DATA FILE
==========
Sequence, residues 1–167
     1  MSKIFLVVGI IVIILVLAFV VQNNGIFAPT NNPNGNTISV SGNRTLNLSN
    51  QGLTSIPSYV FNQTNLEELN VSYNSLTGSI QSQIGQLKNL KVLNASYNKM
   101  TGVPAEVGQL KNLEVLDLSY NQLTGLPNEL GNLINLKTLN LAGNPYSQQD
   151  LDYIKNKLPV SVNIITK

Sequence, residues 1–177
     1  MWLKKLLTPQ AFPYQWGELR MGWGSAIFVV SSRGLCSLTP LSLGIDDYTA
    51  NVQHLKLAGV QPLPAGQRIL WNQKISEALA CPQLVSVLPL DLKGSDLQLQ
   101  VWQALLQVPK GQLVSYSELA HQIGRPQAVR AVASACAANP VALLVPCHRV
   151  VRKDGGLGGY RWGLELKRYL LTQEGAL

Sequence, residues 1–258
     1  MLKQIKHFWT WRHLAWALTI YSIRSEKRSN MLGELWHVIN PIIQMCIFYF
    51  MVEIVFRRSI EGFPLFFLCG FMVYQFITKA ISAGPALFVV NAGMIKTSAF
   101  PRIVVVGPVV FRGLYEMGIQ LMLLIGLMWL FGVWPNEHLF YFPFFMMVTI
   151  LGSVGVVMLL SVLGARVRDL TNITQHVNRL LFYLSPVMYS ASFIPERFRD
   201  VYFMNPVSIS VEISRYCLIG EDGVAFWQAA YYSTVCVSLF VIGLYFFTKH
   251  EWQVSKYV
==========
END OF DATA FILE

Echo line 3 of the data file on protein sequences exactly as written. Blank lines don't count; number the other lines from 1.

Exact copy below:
    51  QGLTSIPSYV FNQTNLEELN VSYNSLTGSI QSQIGQLKNL KVLNASYNKM